As celebrated by fellow handpicked blogger Dave Hemming last week, this year sees the 200th anniversary of the birth of Charles Darwin, as well as the 150th anniversary of the publication of the 'Origin of Species. In the Galapagos Islands, which more than anywhere else have become associated with Darwin's development of the theory of evolution, these anniversaries have been marked by much marketing hype by tour operators hoping to cash in. Thus while many tourist destinations are currently reporting empty hotels and falling arrivals, the Galapagos are hoping to buck the trend and reach record arrivals of 180,000 during 2009.
While Ecuador will welcome the economic boost that this tourism will bring (if the hype overcomes the economic recession; there are some reports of lower bookings and discounting even here), increased tourism pressure brings its own problems. Visitor numbers have risen from 41,000 in 1991 to 173,000 in 2008, and many immigrants have moved from the Ecuadorian mainland to cash in. Over the past 20 years the human population has risen to more than 40,000. Many recent arrivals have been working illegally, and the Ecuadorean government has begun sending them back to the mainland. Problems associated with the influx of people include overfishing and a proliferation of introduced species threatening native wildlife.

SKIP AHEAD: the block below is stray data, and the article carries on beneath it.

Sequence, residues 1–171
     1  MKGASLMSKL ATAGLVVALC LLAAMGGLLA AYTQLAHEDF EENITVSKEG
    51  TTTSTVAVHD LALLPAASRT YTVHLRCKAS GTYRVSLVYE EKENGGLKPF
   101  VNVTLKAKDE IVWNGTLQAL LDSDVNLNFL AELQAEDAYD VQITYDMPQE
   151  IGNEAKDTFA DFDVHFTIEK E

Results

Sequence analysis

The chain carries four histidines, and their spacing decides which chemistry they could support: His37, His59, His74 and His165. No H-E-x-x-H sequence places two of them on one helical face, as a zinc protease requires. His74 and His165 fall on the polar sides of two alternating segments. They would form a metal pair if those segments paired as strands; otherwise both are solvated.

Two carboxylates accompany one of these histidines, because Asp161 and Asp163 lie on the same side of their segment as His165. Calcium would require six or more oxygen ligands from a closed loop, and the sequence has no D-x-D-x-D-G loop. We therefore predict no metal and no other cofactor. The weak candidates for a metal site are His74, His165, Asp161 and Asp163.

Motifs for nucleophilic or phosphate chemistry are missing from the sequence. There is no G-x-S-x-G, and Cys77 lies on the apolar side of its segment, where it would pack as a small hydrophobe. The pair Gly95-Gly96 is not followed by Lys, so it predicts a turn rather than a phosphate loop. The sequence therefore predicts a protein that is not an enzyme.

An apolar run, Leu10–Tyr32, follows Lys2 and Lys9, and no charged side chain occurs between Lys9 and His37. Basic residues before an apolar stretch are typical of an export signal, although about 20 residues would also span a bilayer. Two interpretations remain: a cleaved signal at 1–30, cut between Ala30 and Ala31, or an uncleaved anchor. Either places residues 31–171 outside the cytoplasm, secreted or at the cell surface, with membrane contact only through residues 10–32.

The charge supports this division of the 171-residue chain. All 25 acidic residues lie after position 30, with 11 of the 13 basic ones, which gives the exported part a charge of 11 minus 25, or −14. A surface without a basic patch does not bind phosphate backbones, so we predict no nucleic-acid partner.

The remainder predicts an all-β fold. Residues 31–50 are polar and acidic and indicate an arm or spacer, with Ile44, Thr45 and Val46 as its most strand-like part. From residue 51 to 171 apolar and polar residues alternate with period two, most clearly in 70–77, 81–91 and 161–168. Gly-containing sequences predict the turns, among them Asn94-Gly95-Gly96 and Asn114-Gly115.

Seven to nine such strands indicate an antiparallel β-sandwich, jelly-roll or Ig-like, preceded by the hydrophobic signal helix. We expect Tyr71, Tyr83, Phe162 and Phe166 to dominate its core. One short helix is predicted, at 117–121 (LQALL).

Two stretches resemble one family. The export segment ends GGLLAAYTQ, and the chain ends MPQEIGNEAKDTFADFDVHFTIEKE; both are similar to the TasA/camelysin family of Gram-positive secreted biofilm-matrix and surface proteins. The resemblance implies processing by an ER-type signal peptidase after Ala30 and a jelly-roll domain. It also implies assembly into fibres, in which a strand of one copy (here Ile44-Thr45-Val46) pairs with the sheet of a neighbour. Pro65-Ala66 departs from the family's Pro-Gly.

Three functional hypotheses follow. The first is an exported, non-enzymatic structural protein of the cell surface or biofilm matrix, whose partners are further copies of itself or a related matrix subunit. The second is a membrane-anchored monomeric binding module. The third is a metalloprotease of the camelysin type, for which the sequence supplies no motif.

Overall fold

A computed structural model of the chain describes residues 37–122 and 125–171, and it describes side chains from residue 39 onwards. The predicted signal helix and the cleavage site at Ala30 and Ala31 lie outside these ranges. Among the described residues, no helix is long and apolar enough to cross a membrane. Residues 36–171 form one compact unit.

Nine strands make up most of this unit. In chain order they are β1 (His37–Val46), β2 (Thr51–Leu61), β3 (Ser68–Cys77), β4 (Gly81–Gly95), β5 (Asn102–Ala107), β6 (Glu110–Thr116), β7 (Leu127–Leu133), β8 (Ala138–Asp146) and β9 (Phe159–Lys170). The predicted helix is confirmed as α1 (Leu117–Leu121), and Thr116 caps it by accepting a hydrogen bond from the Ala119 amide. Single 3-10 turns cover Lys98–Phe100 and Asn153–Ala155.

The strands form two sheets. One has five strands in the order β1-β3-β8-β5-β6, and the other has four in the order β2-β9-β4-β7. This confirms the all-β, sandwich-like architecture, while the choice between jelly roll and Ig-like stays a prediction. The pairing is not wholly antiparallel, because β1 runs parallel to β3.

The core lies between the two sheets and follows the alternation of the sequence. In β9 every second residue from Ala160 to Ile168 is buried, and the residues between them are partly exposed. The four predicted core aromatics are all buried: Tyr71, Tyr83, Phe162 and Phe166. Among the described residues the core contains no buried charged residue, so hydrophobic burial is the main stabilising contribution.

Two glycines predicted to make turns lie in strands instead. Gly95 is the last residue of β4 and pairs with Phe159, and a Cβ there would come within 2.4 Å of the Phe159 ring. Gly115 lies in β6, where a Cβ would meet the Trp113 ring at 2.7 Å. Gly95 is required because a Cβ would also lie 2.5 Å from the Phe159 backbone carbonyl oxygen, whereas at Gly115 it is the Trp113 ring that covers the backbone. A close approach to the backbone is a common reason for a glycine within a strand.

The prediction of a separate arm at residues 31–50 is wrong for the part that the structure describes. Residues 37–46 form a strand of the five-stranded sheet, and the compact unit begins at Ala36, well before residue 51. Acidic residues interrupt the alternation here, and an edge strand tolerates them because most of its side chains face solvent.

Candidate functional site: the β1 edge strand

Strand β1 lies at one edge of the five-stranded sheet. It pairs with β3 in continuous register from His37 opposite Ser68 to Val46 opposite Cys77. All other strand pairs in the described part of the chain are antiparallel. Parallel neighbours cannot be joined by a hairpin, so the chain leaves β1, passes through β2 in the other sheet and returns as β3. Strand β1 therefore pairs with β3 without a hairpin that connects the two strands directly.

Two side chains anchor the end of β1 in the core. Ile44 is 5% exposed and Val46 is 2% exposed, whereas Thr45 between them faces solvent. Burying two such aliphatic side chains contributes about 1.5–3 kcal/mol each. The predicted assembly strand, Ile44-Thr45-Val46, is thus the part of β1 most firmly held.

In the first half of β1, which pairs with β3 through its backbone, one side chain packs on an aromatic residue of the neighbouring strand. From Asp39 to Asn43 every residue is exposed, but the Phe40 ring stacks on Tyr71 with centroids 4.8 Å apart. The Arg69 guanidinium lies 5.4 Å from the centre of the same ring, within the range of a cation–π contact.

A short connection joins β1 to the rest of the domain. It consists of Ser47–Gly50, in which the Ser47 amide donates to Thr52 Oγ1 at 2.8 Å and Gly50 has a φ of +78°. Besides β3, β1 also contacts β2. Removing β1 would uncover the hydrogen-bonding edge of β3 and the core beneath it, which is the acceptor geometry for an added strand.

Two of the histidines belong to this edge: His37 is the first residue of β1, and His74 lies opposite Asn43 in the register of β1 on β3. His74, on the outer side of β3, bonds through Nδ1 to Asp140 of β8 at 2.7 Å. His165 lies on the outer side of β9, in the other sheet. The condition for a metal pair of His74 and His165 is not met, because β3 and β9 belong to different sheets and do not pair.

The Galapagos is a unique wildlife destination, and this is recognised by 97% of the archipelago being declared a national park. Many species of animals and plants are endemic to the islands. But despite the protected status, many are still under threat.
About 95 per cent of the species that lived on the islands before humans arrived still remain, but often in much reduced numbers. There are 106 species on the islands and in the surrounding waters, out of around 450, that are now considered endangered or critically endangered, while another 90 have been officially declared as vulnerable.
Of the 168 unique plants found no where else in the world, 60 per cent are close to extinction and in the past 10 years alone, at least three species, including a mouse that bore Darwin's name, have died out. Darwin's Galapagos mouse was declared extinct in 1996, with competition from introduced black rats – which came to the islands as stowaways – one of the contributing factors.
"When Darwin visited the Galapagos, the number of animals would have been far greater," says Jonathan Rush, information manager at the Galapagos Conservation Trust. "The introduction of invasive species, tourism, fishing, development and pollution are the principal threats.
"The growing number of visitors has had an adverse impact and could destroy the islands if allowed to increase in an uncontrolled way."
But one of the world's most famous and authoritative wildlife broadcasters, Sir David Attenborough, says that the Galapagos Islands need tourism to survive. The broadcaster who first visited the islands in 1978 filming Life on Earth, and last returned on his 80th birthday, wrote in Lonely Plant Magazine (reproduced here in the Telegraph) that tourism is a necessary evil.
"Tourism is a mixed blessing for the Galapagos but the fact is, if there was not tourism to the islands and the local people did not get any income from it, there would be nothing left there now" he wrote. "It would all be gone. It is the lesson of conservation around the world that unless the people who live in such places, whose land they feel belongs to them, are on the side of conservation, you're doomed. So tourism, if it's evil, is a necessary evil and one that in this instance can be controlled."